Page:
It is with great sadness that we share the news of the death of Dr Eugene Eckstam, veteran, and lifelong campaigner on behalf of Exercise Tiger, on April 9th 2010.
Eugene Emanuel Eckstam, known as ‘Gene’ to his family and friends, was born on December 16th, 1918, appropriately just as peace was descending on the world. Within a year of his birth, his Swedish-American family had moved from his birthplace of Memphis, Tennessee to Madison, Wisconsin, where he was raised and educated, gaining a BA in 1940 and an MD (Doctor of Medicine) in 1943 from the University of Wisconsin.
During World War II, Dr Eckstam served with the US Navy from 1942-1946 and then in the Reserves until he was honourably discharged in 1954, although by this time, he had become a surgeon. After the war, 1946-50, he completed a surgical residency and M.S. through the University of Minnesota at what is now named The Mayo Graduate School of Medicine. In a long and illustrious surgical career, Dr Eckstam served at The Monroe Clinic and former St Clare Hospital in Monroe, Wisconsin. Following his retirement, he focused his active mind on learning as much as possible about computers, as well as researching everything he could about a wartime operation in which he had been involved: Exercise Tiger.
At the time, little was publicly known about this tragedy and Dr Eckstam made it his mission to track down as many survivors as possible and to make sure that the truth was told…
When the current trustees of the Exercise Tiger Trust took over the reigns three years ago, we had little idea what we were going to do. All that we knew was that we did not want to build a ‘wall of names’: we wanted to find another, more innovative, way of honouring the dead of Exercise Tiger, but we needed inspiration – and we found it in the words of Dr Eckstam.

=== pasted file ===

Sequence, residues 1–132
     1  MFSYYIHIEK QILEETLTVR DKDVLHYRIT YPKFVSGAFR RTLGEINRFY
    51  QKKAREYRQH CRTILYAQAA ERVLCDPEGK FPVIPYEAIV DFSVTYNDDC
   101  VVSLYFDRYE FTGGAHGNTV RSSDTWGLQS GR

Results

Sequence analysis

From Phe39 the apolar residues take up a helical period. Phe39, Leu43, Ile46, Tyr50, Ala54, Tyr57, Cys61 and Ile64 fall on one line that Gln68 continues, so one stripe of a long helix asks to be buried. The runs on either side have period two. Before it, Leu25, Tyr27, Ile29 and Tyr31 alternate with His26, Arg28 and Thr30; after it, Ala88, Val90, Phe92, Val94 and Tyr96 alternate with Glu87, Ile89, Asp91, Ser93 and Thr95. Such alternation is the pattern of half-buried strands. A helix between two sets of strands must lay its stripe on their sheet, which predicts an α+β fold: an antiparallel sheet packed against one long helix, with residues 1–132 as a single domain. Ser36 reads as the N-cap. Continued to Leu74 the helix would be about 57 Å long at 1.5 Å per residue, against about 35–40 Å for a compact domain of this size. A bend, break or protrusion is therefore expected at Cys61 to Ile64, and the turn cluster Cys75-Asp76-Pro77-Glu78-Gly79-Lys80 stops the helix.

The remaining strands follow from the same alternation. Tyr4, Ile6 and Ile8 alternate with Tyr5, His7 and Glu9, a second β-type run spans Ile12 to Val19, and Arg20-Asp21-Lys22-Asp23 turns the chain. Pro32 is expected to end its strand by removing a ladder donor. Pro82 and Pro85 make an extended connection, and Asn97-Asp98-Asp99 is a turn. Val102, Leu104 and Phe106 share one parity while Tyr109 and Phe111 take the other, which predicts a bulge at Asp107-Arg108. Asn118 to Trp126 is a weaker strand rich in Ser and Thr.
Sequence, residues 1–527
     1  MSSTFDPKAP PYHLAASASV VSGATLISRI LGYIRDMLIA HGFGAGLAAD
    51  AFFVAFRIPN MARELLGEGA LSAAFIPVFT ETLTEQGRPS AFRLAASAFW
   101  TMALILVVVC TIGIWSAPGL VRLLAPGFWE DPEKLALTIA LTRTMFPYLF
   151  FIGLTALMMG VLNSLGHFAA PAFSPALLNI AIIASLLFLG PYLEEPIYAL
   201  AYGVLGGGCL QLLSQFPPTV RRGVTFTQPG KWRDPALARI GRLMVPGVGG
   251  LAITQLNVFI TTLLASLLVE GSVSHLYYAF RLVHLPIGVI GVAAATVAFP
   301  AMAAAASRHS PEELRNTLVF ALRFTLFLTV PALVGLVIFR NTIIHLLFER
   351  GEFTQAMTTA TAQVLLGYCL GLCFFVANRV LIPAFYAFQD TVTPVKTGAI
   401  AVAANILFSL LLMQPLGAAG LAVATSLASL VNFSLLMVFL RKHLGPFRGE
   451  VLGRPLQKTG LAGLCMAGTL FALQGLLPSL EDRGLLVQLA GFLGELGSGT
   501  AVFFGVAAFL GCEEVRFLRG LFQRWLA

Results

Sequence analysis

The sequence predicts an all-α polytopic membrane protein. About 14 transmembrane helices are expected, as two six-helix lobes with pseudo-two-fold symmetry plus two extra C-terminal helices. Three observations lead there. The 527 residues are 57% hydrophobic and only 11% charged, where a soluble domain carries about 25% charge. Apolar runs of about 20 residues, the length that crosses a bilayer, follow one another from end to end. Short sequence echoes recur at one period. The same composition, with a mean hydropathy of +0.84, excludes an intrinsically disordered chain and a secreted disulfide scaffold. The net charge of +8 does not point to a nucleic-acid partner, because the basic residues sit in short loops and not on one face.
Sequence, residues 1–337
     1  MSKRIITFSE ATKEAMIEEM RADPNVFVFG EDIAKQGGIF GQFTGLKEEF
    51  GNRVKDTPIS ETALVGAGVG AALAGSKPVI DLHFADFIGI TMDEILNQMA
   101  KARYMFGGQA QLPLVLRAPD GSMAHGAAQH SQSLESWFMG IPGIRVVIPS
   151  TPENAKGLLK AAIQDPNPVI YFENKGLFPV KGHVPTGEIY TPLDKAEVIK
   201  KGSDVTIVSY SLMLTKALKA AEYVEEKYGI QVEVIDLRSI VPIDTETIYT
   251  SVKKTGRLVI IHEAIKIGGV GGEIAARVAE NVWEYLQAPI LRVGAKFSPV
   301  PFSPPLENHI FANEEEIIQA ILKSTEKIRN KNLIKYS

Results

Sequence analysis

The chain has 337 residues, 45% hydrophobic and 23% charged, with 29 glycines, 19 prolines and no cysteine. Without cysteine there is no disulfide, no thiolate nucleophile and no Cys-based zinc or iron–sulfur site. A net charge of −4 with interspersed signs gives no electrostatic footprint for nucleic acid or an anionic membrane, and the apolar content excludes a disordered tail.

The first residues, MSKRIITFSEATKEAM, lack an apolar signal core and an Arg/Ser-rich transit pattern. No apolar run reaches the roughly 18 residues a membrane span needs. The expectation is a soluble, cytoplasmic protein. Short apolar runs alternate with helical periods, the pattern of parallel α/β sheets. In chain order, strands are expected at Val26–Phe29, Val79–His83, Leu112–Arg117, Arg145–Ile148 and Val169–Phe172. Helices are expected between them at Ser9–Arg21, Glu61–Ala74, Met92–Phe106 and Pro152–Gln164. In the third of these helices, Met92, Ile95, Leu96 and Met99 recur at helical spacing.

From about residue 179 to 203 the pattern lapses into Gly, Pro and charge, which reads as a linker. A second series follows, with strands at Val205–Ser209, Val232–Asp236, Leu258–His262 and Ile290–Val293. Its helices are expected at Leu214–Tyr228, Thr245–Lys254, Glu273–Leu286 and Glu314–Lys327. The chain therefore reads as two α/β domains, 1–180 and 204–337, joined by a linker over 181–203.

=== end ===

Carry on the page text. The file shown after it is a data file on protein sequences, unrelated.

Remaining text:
As we trawled through the boxes of lists, letters, statements, articles and other documents from survivors and witnesses, we found that we had several things in common with Dr Eckstam: a desire to discover the truth and a wish to educate. And it was there that we found our inspiration: to create an online archive and roll of honour, through which we could tell the story of Exercise Tiger in the words and images of the men who were there – because what better way could there be to not only be accurate, but also to let their names live on.
Many of the lists from which we gather our information are those originally compiled by Dr Eckstam; if we need to verify something, it is to his documents that we refer, because we know that we can trust his integrity.
To Dr Eckstam’s family he was a husband, father, grandfather and great-grandfather, beloved by all and now greatly missed. To us at the Exercise Tiger Trust, although we never knew or even met Dr Eckstam, he was a man of words… and it was enough.